Cotton Market Goes Into Holiday Mode
Cotton traders appeared to start their holiday vacation early as daily volume slowed at the Intercontinental Exchange (ICE) and prices remained in a narrow range this week. A lack of any fresh fundamental news only added to the doldrums.
Last Friday’s ICE session was by far the best for cotton futures which settled higher following six consecutive sessions with lower settlements. March cotton moved higher soon after trading began and stayed on positive ground until light selling pressure returned and moved the contract to near unchanged. After a few hours, buyers returned and lifted the contract back to the plus column. March traded in a 98-point range before settling 70 points higher at 63.69 cents per pound. All other contracts settled with moderate gains. One analyst thought a weaker dollar and week-ending short covering may have contributed to cotton’s strength. Volume, however, was light at an estimated 17,400 contracts.
It initially appeared Monday would be another winning day for cotton futures. The March contract traded on positive ground for much of the morning and even reached a high of 64.16 cents per pound. Prices then were caught in two-sided action, and March settled 37 points lower at 63.32 cents. All other contracts settled with similar losses, and ICE estimated the session’s volume at just under 14,000 contracts. Some market observers seemed perplexed that a weaker dollar and reports that the Cotton Corporation of India had ended the auctions from its reserves did not provide a boost to cotton futures.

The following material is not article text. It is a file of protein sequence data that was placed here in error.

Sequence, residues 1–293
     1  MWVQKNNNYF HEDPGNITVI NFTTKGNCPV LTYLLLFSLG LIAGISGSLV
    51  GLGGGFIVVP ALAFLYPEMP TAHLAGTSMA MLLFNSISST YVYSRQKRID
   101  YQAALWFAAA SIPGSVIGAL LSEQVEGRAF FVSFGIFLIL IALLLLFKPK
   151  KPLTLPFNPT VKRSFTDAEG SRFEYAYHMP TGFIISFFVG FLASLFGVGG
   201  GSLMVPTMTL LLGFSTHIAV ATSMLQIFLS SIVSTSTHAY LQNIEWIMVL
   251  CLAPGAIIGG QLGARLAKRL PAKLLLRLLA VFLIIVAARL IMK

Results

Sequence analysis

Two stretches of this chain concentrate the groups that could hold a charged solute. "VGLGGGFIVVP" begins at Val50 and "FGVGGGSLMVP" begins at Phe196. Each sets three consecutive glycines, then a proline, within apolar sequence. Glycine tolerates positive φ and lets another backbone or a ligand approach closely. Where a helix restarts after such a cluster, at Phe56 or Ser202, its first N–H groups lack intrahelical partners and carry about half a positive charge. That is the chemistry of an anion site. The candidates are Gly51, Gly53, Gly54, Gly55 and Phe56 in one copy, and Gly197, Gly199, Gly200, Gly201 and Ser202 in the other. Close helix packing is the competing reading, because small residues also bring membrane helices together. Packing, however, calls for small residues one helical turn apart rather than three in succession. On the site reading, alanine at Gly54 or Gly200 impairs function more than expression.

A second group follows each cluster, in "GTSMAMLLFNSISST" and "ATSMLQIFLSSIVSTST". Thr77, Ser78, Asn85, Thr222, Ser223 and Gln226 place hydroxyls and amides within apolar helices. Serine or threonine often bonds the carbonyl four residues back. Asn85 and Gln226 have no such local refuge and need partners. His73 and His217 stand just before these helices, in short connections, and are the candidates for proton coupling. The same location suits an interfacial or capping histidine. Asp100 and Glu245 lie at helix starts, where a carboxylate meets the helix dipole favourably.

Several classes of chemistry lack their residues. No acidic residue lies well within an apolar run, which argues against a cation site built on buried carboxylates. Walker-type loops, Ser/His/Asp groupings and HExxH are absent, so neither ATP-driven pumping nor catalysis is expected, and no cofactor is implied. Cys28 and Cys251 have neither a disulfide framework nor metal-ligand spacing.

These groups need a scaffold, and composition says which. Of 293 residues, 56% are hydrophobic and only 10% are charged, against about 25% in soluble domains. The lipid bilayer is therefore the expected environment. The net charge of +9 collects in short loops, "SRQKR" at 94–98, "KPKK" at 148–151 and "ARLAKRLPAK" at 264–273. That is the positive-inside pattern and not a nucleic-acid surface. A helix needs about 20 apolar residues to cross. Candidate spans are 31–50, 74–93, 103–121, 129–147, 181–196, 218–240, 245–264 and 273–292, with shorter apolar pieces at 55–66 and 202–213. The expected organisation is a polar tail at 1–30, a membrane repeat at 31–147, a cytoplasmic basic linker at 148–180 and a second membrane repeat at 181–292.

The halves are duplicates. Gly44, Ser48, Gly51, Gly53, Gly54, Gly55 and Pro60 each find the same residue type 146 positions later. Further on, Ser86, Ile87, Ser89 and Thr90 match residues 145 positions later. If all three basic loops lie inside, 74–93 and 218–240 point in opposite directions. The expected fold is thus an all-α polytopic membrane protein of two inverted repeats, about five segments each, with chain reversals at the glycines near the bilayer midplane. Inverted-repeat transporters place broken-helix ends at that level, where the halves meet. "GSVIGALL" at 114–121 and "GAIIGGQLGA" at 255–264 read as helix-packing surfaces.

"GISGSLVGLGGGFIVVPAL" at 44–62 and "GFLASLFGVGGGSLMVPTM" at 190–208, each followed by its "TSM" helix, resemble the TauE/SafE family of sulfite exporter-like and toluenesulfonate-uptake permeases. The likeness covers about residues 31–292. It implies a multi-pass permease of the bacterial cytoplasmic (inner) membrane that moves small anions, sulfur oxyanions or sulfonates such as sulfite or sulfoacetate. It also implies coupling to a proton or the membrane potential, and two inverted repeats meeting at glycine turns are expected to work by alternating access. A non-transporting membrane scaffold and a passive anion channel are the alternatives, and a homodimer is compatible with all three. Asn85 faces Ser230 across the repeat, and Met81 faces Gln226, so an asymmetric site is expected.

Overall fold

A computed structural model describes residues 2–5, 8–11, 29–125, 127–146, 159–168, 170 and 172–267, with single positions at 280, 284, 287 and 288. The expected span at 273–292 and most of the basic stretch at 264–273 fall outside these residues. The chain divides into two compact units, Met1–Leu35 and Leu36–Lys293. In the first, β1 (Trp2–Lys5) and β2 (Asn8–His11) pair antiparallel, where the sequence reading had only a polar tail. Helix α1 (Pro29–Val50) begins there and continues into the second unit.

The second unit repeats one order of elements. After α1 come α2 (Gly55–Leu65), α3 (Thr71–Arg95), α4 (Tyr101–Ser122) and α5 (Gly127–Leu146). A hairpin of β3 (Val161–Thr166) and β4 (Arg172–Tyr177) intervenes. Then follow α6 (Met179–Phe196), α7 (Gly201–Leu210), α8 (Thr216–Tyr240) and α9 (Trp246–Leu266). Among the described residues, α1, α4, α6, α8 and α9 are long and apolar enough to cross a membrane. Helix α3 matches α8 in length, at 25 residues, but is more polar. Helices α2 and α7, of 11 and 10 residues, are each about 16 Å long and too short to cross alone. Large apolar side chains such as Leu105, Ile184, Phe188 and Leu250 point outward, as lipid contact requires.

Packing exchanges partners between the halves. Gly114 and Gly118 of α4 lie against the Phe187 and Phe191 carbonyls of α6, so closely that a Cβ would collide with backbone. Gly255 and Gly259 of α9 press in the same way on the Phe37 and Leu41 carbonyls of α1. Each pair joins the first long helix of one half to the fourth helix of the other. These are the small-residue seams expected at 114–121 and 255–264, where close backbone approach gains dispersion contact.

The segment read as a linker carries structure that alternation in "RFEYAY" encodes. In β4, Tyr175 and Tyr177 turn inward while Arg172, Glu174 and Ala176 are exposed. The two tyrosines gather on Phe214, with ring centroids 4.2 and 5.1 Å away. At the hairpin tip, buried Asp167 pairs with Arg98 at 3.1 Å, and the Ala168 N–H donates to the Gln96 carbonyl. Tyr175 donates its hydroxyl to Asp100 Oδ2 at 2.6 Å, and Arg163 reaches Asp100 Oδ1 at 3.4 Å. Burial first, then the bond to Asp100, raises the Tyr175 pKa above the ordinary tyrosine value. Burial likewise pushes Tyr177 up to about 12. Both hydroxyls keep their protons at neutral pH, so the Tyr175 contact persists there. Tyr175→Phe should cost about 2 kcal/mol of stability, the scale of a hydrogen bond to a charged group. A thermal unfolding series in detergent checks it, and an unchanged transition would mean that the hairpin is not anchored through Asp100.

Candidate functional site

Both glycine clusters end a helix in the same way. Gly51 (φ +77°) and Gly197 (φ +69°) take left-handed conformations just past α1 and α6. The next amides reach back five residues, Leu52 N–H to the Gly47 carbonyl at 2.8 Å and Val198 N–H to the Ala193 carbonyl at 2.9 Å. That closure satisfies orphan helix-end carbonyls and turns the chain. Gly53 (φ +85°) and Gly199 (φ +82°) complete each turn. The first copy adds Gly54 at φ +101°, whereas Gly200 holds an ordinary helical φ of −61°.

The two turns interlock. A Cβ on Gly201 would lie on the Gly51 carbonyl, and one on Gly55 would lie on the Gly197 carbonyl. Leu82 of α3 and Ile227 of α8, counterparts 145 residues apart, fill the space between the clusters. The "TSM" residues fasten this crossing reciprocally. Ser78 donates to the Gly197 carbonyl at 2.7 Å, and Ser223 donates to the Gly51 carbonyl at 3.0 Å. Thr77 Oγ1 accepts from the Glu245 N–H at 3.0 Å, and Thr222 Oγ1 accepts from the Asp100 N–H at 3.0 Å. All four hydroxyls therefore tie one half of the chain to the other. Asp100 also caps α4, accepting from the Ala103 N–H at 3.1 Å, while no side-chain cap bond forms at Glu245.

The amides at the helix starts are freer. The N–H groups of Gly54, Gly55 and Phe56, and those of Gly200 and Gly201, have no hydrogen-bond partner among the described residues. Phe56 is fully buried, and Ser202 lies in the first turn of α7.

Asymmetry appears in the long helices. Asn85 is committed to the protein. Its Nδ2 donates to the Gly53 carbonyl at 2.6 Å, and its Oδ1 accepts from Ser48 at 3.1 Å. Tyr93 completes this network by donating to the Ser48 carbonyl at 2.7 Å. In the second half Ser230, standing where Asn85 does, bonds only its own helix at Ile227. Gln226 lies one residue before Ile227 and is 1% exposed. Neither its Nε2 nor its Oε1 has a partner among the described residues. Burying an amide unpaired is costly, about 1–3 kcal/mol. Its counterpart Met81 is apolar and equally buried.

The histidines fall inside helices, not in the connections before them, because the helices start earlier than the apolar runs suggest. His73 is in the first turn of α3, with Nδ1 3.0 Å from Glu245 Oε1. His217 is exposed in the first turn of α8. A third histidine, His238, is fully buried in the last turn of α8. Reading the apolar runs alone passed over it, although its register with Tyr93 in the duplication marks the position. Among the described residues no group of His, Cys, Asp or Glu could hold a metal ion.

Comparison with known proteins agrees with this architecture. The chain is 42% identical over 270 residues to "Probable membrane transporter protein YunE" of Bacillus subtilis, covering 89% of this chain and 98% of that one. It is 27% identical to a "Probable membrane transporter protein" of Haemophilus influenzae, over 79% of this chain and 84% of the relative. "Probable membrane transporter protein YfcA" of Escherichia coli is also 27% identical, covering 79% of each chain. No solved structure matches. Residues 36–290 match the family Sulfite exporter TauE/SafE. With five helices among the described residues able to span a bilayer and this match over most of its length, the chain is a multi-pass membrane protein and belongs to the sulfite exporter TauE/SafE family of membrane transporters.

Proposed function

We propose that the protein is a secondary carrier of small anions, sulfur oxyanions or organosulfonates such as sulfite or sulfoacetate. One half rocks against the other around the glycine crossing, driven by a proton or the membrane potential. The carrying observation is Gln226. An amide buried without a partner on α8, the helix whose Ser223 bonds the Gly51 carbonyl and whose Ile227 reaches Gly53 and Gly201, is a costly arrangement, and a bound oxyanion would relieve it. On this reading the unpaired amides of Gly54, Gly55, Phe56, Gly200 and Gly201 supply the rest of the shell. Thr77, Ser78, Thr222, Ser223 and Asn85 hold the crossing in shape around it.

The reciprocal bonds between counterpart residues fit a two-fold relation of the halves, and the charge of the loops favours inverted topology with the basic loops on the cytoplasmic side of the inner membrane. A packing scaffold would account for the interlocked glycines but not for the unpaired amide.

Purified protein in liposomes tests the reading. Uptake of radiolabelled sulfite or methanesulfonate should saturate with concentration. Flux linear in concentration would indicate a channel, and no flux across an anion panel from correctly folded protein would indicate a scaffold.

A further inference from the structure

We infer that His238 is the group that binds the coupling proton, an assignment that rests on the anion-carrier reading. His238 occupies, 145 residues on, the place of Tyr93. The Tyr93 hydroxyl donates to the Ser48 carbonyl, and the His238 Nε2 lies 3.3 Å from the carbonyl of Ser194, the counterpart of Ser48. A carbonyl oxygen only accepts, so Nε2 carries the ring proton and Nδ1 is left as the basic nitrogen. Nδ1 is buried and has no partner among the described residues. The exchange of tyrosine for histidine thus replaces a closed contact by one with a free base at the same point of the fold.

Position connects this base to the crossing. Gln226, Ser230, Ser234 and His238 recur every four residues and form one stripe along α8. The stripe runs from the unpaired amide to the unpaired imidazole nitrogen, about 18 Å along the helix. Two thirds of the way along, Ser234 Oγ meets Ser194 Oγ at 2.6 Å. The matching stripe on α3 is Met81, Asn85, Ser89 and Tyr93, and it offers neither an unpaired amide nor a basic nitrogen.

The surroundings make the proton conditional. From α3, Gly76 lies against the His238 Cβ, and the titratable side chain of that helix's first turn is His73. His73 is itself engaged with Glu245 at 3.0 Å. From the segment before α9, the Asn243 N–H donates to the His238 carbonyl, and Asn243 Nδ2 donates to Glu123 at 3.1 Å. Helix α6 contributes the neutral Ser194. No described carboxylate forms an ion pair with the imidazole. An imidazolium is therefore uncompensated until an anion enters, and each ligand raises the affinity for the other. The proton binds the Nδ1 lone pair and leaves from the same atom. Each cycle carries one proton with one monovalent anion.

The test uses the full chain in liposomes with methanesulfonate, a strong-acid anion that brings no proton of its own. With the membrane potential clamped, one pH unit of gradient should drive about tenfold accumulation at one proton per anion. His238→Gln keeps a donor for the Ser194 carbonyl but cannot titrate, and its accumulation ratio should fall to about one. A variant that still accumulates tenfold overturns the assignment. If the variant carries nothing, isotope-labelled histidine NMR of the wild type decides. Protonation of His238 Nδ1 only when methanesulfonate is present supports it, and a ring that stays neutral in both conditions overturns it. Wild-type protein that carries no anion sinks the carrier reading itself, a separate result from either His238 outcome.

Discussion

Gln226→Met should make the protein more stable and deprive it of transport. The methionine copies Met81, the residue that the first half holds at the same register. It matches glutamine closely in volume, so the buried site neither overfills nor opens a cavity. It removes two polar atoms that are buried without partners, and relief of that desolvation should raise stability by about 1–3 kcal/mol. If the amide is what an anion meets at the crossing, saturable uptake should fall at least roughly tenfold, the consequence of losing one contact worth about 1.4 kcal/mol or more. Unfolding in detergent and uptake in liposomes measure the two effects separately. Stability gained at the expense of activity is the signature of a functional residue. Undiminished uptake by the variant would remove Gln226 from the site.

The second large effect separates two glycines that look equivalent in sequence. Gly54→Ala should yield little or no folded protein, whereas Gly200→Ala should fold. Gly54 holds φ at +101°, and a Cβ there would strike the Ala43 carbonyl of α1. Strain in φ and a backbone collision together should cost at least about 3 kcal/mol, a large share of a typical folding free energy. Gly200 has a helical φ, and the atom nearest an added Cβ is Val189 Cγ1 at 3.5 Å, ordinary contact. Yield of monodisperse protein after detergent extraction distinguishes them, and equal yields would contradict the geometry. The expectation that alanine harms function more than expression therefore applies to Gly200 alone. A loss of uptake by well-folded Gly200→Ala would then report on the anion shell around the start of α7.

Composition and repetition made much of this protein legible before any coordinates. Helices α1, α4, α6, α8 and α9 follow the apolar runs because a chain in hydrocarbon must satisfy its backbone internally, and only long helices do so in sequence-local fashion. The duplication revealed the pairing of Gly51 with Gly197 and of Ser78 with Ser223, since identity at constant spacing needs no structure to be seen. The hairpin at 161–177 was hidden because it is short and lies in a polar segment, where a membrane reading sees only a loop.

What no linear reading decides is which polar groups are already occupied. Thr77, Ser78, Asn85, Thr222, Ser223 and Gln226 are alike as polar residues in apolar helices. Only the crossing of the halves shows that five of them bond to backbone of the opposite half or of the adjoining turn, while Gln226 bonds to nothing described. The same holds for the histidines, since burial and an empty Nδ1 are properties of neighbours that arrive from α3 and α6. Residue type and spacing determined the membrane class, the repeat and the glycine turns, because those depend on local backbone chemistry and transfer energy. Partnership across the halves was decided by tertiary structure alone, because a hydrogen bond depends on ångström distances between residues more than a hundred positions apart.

The narrow trading range and low volume continued Tuesday as March cotton traded in a sideways manner before reaching a high of 63.70 cents. The contract then moved lower when selling pressure intensified, followed by a tug-of-war between buyers and sellers. March finally settled at 63.16 cents per pound, down 16 points. Volume was estimated at less than 10,000 contracts.
March again traded briefly on positive ground Wednesday and in a narrow 62-point range, but light selling pressure once again emerged, sending the contract lower and settling at 62.77 cents, down 39 points. In the past 16 ICE sessions, March has settled lower 12 times totaling a loss of 77 points during those sessions, according to Cotton Outlook. The contract seems content to stay in its long term 62.00- to 64.00-cent range.
Meanwhile, West Texas producers made good progress in wrapping up the 2015 harvest ahead of forecasts for a major winter storm this coming weekend. Some estimates early this week pegged the harvest at 95 percent complete. Although a few gins have finished for the season, others were facing several days, if not weeks, of ginning activity.
In other news, China’s Ministry of Agriculture on Tuesday estimated the country’s 2015 cotton crop at 22.04 to 22.96 million bales. The China Cotton Association this month estimated the crop at 23.6 million bales, and USDA’s December estimate placed the crop at 24.3 million bales.